Field work and drilling on the Nuussuaq peninsula, West Greenland in August 1993 revealed the existence of live oil filling vesicles in Paleocene lavas. It was demonstrated that the oil fills most available porosity in the lavas in two fault-bounded zones that can be traced for more than 1 km along strike and several hundreds of metres across strike. Intense oil impregnation was confirmed in the uppermost 86 m of a 448-m deep cored borehole, with scattered traces also in the deeper part. During the 1994 field season the area with oil shows at the surface was found to extend over least 8 × 5 km. The depositional environment and thermal history of the inferred source rock and the post-migration history of degradation have been interpreted from organic geochemical data (extraction, class separation, GC, GC/MS, and carbon isotopes) from core and from surface samples collected throughout this area. From gross compositions, the degradation of the oil is interpreted as varying from very limited to moderate. Steranes, terpanes, and acyclic isoprenoids are unaffected by degradation in all samples and show remarkably constant ratios, suggesting leakage from a homogeneous reservoir. The degradation of n-alknanes does not correlate with the degree of degradation interpreted from the gross composition, and active, replenishment into the structure is suggested, either from an underlying reservoir or by long distance migration from an actively generating source rock. The maturity of the oil corresponds to a source rock in the upper part of the oil window, judging from the high contents of NSOs, low Ts/Tm values and high moretane contents, low methylphenanthrene index and various other biomarker ratios. Hopane isomerization (22S/22S+R) has reached equilibrium whereas 20S/20S+R sterane isomeriza- tion ratios show values between 0.40 and 0.45. A number of characteristics (e.g. high Sa/Ar, high wax, high CPI, high Pr/Ph (4-5), dominance of C29 steranes, low contents of tricyclics and extended hopanes, high contents of phenanthrenes and carbon isotope composition) suggest that the oil-prone material in the source rock is terrestrial in origin but was deposited under marine conditions. This is further substantiated by the high contents of bisnorlupane and oleanane which are typical for latest Cretaceous and Tertiary deltaic source rocks. The implications of this significant discovery are very encouraging for future exploration offshore Labrador, West Greenland and in Melville Bay since it demonstrates for the first time that a source rock capable of generating oil exists in the region, and thereby challenges the 1970s' reputation of the area as being entirely gas-prone.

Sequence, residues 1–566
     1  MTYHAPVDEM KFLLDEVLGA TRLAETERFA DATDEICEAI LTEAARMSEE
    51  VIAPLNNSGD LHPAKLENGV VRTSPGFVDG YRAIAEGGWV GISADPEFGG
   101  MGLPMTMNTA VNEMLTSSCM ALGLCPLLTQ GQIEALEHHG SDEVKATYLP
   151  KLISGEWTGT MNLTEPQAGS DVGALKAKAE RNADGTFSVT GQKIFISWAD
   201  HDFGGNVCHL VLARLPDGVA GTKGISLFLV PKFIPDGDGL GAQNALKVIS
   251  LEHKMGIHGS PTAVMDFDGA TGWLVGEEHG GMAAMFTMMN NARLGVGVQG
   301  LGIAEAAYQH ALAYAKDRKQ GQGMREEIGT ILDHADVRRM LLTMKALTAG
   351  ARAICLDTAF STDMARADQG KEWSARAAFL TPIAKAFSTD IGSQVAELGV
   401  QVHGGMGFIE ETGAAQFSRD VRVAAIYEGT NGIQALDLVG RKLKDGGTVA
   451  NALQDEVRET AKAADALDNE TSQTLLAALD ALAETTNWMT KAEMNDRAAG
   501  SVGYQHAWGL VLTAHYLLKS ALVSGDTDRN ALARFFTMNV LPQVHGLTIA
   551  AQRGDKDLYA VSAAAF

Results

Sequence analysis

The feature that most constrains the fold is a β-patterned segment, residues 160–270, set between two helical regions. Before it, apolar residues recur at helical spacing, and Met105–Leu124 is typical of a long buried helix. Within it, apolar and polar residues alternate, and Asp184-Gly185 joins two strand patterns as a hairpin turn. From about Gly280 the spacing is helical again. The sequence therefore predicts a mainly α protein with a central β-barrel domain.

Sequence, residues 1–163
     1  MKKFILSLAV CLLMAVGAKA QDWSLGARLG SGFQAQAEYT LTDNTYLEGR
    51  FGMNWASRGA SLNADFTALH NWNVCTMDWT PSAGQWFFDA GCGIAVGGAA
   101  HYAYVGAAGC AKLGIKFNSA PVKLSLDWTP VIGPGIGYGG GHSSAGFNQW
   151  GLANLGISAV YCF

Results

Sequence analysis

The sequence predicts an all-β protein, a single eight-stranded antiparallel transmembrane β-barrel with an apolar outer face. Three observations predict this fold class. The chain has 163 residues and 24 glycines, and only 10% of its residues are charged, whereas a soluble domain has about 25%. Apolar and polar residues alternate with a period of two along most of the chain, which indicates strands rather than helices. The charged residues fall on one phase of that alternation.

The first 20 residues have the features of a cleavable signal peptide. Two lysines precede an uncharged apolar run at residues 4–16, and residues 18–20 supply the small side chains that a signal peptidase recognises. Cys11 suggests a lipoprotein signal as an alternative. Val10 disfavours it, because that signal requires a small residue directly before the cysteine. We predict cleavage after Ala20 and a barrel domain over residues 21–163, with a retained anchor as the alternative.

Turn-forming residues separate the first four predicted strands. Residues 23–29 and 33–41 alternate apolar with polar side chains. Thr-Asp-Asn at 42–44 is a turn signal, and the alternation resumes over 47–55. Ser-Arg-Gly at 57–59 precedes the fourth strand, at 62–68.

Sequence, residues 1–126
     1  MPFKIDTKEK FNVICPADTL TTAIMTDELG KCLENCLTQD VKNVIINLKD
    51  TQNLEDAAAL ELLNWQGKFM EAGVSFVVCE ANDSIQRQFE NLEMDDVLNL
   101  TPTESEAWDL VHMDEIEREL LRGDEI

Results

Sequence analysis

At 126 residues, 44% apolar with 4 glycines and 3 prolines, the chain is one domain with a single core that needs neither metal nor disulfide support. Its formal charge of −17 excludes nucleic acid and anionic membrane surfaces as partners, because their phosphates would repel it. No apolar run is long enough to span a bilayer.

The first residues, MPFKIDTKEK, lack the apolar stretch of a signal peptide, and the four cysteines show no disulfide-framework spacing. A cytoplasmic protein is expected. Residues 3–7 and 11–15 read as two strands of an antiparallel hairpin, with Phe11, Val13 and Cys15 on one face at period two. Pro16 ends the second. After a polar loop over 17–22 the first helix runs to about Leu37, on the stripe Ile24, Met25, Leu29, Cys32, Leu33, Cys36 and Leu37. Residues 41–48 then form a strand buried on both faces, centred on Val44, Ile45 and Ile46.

- Programområde 3: Energiressourcer